Configuring Windows 2000

Mold the OS to your specifications

You've just installed Windows 2000 (Win2K), and your first impression is that the OS looks quite different from Windows NT. You want to configure your new system, but first you need to know where to find the configurable options. In this installment of Getting Started with Windows 2000, I show you where to find new and familiar options that you might want to configure before you use Win2K in a production environment. These configuration suggestions apply to systems administrators and technical support personnel. End users will probably want to use the more restrictive settings that their company policy defines.

Name That Computer
I always rename my computers. Simply right-click My Computer, select Rename, and type the computer's name. Most Help desk personnel rename client computers because many users don't know how to find the name of their computer. To find the computer's name in NT 4.0, you right-click the Network Neighborhood icon and click Properties. In Win2K, this technique brings up a dialog box from which you can configure network properties, but the dialog box doesn't provide the computer's name. Instead, right-click the My Computer icon and select Properties to access the System Properties dialog box. On the Network Identification tab, you'll find your computer's name. Renaming the My Computer icon lets even the most inexperienced users know their computer's name.

Size the Pagefile
While you're browsing the System Properties dialog box, take a look at the Advanced tab. This tab is the gateway to three sets of configurable variables: Performance, Environment, and Startup and Recovery. Under Performance, click Change, then configure the pagefile from the Virtual Memory dialog box, which Screen 1, page 166, shows. Ideally, the pagefile needs to reside on a disk separate from the disk that holds the system files.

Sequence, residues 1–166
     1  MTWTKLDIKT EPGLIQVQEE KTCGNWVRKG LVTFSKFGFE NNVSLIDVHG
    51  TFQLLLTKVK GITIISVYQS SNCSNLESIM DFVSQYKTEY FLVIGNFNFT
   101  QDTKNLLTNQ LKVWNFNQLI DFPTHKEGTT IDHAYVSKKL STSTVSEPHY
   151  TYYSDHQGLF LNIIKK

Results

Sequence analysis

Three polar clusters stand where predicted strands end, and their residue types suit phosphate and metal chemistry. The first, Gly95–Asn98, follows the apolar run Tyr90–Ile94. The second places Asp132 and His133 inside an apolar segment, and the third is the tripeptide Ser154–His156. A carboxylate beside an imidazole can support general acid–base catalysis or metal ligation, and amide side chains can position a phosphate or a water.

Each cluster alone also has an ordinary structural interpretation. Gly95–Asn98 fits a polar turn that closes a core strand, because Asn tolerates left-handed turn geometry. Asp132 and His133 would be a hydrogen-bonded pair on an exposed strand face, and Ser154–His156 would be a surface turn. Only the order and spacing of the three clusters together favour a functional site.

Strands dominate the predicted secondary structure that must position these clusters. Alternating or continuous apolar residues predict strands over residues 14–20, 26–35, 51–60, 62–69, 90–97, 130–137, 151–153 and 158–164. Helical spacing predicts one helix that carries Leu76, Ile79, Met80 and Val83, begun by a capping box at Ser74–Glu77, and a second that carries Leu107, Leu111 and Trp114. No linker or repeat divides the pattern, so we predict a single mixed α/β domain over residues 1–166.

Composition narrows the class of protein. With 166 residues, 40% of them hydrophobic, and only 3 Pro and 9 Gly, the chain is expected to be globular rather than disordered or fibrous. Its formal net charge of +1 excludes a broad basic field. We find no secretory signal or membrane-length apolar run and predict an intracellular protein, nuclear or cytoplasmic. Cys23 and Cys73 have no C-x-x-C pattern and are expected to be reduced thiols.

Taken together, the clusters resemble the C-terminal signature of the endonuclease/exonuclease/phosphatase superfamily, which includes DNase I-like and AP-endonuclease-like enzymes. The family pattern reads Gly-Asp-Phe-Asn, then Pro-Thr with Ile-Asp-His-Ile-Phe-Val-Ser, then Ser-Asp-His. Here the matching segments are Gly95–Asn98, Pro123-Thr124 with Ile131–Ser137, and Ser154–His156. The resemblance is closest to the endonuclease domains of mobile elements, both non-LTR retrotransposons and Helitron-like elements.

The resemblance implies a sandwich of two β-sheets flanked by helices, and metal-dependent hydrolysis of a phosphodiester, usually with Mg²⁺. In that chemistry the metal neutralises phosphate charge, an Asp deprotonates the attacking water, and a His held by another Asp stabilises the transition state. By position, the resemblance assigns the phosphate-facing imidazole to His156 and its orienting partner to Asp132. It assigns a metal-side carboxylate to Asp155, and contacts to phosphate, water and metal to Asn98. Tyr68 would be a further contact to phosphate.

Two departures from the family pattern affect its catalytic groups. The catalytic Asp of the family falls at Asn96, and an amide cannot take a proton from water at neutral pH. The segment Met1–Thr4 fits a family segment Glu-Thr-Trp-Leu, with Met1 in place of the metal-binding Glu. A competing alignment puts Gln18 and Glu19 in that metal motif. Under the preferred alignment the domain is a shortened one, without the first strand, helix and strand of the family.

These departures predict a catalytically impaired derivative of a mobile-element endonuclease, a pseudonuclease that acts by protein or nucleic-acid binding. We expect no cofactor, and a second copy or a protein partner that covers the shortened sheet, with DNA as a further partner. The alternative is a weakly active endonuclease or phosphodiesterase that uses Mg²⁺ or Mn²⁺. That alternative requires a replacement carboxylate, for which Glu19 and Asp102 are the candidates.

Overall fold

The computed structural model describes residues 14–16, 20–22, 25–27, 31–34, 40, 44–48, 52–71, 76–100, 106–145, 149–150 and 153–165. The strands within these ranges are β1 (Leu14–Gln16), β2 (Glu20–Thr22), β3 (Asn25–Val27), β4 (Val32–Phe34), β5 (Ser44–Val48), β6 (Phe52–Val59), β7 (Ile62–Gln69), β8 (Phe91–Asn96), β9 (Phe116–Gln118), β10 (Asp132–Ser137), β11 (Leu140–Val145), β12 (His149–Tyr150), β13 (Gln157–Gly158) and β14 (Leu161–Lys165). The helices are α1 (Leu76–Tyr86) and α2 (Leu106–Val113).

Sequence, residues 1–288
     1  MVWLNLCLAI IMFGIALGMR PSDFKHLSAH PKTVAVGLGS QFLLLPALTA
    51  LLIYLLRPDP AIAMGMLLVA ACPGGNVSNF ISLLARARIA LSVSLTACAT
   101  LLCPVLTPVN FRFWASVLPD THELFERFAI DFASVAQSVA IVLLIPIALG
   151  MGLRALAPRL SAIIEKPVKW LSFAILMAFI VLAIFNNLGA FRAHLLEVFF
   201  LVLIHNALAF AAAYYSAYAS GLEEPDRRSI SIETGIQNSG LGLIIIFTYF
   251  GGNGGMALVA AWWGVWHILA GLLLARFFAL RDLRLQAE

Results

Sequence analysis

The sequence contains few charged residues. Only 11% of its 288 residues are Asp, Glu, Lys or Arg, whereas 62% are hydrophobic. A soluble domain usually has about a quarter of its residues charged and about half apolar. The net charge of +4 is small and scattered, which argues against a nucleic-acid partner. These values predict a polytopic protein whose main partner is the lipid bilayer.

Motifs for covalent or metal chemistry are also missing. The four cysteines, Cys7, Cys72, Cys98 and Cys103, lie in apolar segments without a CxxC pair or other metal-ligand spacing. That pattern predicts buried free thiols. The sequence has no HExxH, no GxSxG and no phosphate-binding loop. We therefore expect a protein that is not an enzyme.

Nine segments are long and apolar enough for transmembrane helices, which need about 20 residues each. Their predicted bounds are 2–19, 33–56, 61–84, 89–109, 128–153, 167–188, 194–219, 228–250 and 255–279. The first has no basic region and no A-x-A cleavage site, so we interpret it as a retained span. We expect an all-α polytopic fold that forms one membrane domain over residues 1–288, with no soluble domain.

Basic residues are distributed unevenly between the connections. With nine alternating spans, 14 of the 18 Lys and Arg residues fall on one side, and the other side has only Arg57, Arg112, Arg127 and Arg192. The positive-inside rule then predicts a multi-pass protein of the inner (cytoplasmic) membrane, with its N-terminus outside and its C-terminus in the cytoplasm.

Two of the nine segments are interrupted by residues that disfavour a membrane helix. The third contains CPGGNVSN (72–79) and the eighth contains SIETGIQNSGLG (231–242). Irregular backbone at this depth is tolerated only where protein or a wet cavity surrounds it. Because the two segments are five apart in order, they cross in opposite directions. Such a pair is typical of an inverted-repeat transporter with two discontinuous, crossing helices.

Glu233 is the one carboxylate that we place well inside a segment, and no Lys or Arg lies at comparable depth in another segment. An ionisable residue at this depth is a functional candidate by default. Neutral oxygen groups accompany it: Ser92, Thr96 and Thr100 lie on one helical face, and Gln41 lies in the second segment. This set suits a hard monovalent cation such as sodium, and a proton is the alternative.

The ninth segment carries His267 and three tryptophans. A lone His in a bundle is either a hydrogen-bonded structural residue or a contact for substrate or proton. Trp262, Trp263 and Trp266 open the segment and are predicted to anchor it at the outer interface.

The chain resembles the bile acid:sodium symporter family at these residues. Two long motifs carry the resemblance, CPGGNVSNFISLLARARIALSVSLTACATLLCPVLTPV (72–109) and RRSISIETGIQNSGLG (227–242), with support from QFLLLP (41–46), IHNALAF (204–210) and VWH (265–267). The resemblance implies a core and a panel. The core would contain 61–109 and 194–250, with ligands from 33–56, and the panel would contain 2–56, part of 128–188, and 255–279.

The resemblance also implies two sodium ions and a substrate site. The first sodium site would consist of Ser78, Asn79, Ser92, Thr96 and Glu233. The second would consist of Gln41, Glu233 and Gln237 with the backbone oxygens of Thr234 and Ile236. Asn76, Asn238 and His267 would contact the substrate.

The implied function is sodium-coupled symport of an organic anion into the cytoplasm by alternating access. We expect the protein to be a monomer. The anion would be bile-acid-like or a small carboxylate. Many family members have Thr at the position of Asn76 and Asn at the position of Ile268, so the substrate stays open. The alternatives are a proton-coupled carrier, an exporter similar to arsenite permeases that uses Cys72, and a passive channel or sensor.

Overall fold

I also suggest that you set the Initial size and Maximum size fields to the same value. Be sure to choose a value high enough to give you a sufficiently sized swap file. You might want to go with the recommended default value, then use Performance Monitor to watch the pagefile and ensure that the system doesn't approach its pagefile size limit. Setting Initial size and Maximum size to the same value prevents the pagefile from growing while users access the system and from slowing users down as the system searches for and allocates space.

On the Advanced tab, you might also open Startup and Recovery and change the time frame for which the system displays the OS choices. The default 30 seconds is glacial—if you can't decide which OS you want in 10 seconds, you've been staring at computer screens for too long.

Upgrade to Dynamic Disks
New to Win2K is the concept of the dynamic disk, which lets you create dynamic volumes. The upgrade from NT 4.0's basic disk to Win2K's dynamic disk converts any existing partitions to volumes. The benefit is that you can configure and manage dynamic volumes without needing to reboot the computer. For example, you can create a spanned volume on multiple disks without rebooting. The equivalent operation in NT 4.0—creating a volume set—requires a reboot. The disadvantage is that you can't access dynamic disks from NT 4.0 or any other OS; therefore, don't perform this conversion on a system that you dual-boot. You can, however, access dynamic disks remotely from other computers. In this scenario, you don't access the disk directly; rather, Win2K reads the files and sends them back to you through its server service.